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I had the opportunity to review a previous edition of this text 11 years ago and was impressed. That edition was a fairly comprehensive discussion of a "complex and expanding field," and the same opinion comes from reviewing this edition. The text has increased in subjects, pages, tables, and figures and now totals 724 pages. The overall organization has remained much the same, and with the index, answers or discussions can be found with relative ease.
The information is presented in a concise manner and is reinforced by the 42 figures, 96 tables, and 128 shaded areas scattered throughout the text. Use of these reading aids, however, is inconsistent in that some chapters have none while others have up to 38, and it is not clear what prompts such aid. Some topics, such as hepatitis and thyroid disease, have abundant tables, while the discussion on TdT (terminal deoxynucleotidyl transferase) would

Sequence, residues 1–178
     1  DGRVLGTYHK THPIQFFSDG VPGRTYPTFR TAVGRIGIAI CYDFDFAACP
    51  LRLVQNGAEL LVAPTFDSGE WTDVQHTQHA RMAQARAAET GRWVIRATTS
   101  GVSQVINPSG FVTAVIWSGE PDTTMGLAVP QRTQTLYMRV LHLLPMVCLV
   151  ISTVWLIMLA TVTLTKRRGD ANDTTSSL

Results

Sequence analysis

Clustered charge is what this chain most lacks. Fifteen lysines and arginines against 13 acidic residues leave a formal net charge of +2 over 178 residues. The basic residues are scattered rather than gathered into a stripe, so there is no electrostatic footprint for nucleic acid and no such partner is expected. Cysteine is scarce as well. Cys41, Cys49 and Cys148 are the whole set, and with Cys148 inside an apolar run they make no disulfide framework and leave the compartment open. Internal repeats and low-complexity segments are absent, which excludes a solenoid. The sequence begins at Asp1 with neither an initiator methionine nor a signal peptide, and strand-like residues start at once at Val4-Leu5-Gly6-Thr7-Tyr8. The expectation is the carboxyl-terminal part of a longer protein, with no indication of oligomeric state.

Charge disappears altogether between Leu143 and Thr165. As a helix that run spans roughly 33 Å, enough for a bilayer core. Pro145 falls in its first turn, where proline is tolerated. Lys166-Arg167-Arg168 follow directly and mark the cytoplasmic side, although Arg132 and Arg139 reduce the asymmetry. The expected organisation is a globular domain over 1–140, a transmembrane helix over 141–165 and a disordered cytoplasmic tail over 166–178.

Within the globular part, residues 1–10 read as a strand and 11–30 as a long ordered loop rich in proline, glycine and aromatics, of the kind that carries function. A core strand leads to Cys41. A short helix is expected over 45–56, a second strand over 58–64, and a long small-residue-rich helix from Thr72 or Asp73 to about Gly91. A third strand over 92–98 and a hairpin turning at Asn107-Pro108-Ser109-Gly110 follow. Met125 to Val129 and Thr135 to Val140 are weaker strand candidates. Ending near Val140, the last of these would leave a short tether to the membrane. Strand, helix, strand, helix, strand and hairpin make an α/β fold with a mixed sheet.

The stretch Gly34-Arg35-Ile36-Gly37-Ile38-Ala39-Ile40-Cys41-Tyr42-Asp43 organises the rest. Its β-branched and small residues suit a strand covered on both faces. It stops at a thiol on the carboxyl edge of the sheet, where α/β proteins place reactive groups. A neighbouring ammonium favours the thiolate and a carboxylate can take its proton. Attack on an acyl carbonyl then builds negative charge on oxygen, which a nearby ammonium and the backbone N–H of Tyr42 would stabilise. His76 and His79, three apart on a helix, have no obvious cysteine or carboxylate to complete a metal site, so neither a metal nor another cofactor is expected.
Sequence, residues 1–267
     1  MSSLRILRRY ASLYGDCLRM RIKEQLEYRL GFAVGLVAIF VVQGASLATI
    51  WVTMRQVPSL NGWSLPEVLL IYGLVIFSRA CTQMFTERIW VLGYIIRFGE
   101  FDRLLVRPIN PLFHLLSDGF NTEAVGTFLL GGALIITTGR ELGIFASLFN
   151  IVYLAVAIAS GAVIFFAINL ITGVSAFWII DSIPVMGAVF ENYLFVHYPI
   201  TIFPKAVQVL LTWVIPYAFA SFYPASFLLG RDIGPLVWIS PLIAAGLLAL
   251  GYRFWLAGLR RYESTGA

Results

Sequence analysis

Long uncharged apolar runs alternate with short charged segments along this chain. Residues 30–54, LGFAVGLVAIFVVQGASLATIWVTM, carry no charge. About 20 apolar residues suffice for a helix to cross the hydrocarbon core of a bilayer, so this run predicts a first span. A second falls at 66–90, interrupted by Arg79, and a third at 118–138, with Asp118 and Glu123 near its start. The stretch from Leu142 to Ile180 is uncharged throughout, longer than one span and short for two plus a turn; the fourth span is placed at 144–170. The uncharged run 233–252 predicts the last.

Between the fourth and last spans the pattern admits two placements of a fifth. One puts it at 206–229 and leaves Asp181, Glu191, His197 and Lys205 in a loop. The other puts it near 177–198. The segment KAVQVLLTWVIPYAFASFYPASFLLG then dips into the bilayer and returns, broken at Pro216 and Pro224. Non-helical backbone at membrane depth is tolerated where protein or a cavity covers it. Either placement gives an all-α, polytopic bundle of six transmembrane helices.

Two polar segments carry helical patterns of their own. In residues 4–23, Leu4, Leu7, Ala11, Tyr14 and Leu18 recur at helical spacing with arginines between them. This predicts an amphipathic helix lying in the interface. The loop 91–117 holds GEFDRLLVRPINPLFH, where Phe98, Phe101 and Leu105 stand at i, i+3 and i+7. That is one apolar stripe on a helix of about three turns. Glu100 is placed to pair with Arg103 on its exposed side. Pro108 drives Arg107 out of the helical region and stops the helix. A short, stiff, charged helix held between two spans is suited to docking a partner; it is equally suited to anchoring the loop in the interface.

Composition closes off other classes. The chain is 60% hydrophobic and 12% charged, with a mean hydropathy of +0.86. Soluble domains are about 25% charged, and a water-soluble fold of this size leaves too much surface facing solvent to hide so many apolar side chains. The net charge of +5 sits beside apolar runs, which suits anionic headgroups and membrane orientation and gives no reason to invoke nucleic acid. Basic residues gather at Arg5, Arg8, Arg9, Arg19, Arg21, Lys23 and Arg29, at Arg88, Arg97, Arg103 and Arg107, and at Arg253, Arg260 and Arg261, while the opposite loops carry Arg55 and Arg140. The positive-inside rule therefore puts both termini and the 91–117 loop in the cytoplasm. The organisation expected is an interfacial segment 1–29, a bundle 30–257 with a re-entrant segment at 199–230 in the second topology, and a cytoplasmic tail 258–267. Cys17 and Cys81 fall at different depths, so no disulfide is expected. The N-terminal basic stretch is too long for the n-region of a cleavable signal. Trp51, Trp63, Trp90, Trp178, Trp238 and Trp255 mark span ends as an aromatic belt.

Chandor SB. Clinical Laboratory Medicine: Clinical Application of Laboratory Data. JAMA. 1995;274(13):1088-1089. doi:10.1001/jama.1995.03530130094041